Tag Archives: word of God

Naked and Exposed Before the Living God (Sermon)

The word of God reveals our hearts, leaving us naked and exposed before God. When God’s word comes to us, we are forced to respond, and how we respond reveals what is in our hearts.

First, we respond by our actions, which reveal either faith or unbelief in God’s word. Second, on the Last Day we will be called to give a word of response to God’s word, a word about the condition of our own hearts. On that day—as already now—it will be pointless to make our word deviate from God’s word, for the thoughts and intentions of our hearts are open before God.

Thus God’s word exposes us,  leaving us defenseless. It demands faith, and it demands a word in response—a word that matches God’s word.

These sobering thoughts come from Hebrews 4:12-13:

For the word of God is living and active, sharper than any two-edged sword, piercing to the division of soul and of spirit, of joints and of marrow, and discerning the thoughts and intentions of the heart. And no creature is hidden from his sight, but all are naked and exposed to the eyes of him to whom we must give account. (ESV)

This passage was the central text in a sermon I recently preached on the danger of secret sin. I am generally more of a teacher than a preacher, but this was preaching. It was definitely more of a message of warning than I have ever shared before. I felt God’s grace as I shared. You can download the sermon or listen to it here:

Here is a summary of what I shared:

  • God tested Israel in the wilderness, between Egypt and the Promised Land of rest, revealing what was in their hearts. (Ex. 17:1-7; Num. 13-14; Deut. 8:2; 31:20-21; etc.)
  • God spoke to Israel “today” in the Promised Land, testing whether they would believe and enter eternal rest. (Ps. 95)
  • God is also speaking to us “today” in the wilderness, between our initial salvation and our eternal rest, testing our hearts. (Heb. 3:5–4:13; etc.)
  • God’s knows every secret of our hearts. (Many Scriptures, including Lk 8:17.)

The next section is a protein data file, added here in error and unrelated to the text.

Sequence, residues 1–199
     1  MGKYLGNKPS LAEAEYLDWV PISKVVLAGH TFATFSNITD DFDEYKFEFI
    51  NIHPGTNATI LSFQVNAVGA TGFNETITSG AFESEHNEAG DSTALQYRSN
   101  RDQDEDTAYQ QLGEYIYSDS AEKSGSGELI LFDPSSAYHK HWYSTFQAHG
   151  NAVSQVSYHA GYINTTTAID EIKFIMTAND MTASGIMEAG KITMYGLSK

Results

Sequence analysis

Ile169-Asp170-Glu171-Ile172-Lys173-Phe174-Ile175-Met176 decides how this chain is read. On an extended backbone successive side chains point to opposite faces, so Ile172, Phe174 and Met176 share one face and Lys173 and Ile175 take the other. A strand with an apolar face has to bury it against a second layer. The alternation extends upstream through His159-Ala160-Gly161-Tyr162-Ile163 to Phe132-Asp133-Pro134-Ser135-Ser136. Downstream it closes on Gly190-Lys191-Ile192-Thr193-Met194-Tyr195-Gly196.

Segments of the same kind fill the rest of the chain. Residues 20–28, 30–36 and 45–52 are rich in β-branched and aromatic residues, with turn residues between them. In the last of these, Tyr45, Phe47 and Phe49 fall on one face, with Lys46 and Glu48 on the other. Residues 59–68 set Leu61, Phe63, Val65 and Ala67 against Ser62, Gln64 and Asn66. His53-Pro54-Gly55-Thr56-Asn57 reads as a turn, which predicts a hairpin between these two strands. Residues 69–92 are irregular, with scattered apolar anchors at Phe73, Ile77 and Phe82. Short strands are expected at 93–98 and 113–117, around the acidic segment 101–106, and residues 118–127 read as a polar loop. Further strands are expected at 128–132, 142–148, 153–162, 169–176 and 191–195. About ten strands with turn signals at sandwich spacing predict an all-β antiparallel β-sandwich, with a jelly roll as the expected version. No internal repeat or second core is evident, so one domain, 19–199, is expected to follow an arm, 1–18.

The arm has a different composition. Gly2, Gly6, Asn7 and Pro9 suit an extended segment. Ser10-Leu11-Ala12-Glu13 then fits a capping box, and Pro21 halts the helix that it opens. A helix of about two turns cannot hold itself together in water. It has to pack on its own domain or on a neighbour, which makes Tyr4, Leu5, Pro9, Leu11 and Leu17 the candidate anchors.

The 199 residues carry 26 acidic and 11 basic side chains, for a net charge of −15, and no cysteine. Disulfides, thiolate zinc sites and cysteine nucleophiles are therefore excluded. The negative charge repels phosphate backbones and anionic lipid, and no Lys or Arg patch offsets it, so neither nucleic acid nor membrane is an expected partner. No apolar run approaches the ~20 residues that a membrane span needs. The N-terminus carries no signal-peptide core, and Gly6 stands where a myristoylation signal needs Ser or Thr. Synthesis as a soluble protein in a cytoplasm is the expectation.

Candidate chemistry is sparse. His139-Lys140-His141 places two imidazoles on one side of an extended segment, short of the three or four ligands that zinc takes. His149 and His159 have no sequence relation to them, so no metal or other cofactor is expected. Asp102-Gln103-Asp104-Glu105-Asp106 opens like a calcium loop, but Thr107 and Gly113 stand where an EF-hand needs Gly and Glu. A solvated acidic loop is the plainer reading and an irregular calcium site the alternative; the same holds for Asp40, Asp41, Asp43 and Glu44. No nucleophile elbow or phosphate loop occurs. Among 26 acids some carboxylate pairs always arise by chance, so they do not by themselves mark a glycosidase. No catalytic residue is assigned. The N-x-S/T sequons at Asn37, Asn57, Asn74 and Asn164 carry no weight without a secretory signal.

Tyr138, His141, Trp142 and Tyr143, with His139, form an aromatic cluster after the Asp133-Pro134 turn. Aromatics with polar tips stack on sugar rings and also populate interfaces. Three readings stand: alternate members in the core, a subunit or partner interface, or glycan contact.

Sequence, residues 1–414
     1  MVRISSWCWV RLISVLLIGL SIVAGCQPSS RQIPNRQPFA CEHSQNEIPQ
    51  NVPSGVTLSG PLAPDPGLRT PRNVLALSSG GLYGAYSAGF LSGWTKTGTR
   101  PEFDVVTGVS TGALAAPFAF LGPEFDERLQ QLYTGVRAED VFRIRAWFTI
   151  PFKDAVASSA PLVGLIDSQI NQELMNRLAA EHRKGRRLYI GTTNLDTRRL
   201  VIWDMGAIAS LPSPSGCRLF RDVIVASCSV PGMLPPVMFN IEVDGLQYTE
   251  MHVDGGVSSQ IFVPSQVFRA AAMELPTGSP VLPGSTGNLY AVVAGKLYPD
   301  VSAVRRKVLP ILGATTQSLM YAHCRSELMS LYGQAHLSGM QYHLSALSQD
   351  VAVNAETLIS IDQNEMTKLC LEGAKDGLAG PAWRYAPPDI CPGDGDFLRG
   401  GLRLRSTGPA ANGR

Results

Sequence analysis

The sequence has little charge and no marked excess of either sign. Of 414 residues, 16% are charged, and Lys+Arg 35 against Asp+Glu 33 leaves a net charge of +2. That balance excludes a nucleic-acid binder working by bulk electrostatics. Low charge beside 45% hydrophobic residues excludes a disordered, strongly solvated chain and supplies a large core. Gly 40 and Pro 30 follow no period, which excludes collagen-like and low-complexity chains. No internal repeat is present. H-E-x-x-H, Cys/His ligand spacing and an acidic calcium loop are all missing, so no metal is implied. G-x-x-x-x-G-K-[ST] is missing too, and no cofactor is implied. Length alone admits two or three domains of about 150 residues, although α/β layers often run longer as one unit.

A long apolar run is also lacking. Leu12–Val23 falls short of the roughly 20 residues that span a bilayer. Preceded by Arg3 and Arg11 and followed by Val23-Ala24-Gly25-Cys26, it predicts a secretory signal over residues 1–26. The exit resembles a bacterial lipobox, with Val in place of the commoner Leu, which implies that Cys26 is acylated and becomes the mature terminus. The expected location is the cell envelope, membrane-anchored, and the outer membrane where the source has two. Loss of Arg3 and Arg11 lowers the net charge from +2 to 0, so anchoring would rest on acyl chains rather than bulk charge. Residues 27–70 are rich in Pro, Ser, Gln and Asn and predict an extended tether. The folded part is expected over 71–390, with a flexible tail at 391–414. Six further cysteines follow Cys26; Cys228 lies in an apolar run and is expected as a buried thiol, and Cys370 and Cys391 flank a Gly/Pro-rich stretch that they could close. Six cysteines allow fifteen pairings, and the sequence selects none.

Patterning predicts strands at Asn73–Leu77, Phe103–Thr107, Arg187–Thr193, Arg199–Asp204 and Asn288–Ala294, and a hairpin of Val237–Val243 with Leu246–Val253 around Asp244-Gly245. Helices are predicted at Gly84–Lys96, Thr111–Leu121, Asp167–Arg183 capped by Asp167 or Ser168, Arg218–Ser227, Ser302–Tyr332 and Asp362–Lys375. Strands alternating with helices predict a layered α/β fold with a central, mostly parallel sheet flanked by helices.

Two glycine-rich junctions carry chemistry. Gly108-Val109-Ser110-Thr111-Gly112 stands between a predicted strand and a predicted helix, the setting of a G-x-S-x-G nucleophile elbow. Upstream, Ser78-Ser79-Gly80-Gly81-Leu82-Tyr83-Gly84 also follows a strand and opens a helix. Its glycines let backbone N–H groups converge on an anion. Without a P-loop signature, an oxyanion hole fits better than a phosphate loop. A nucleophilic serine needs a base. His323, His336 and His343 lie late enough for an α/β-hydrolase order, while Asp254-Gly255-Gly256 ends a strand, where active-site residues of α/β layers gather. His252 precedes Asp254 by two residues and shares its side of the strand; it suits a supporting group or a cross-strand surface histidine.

• “Are You in the Dangerous Time In Between?” —Tim Challies.
  • What should you do if you have hidden sin? Confess it, own it, repent of it, forsake it, replace evil desires with good desires, rely on divine help, seek human help. (Plead for the gift of repentance, which will not always be possible: Heb 6:4-8; 12:17. “Six Signs of Genuine Repentance”—Bryce Klabunde.)
  • Faithful response to God’s word is a community effort. We must exhort each other and sometimes even act urgently to “remove the evil from our midst.” (Heb. 3:12-13; 12:15; Deut. 29:18; 13:1-18; 1 Cor. 5; etc.)
  • “The Damning Devastation of a Single Coddled Sin”—Tim Challies.
  • Final warning from Hebrews—from the passage that is set in literary parallel to the sermon’s main text (Heb. 4:11-13):

For if we go on sinning deliberately after receiving the knowledge of the truth, there no longer remains a sacrifice for sins, but a fearful expectation of judgment, and a fury of fire that will consume the adversaries. Anyone who has set aside the law of Moses dies without mercy on the evidence of two or three witnesses. How much worse punishment, do you think, will be deserved by the one who has trampled underfoot the Son of God, and has profaned the blood of the covenant by which he was sanctified, and has outraged the Spirit of grace? For we know him who said, “Vengeance is mine; I will repay.” And again, “The Lord will judge his people.” It is a fearful thing to fall into the hands of the living God. (Heb. 10:26-31 ESV)

  • Comfort: Your love for God is also “naked and exposed” before him, and he will not overlook it. (Heb. 6:9-12)

Here was the final exhortation we heard, summarizing God’s word to us:

Brothers and sisters! God has rescued you from Egypt! He is leading you to the Promised Land of eternal rest! But you are in danger of missing that rest! Today God is speaking to you! Today, if you hear his voice, do not harden your hearts!

God is speaking to you, and his word will reveal the secret thoughts and intentions of your heart! There is no hiding from God! You lie naked and helplessly exposed before him! “Nothing is hidden that will not be made manifest, nor is anything secret that will not be known and come to light.”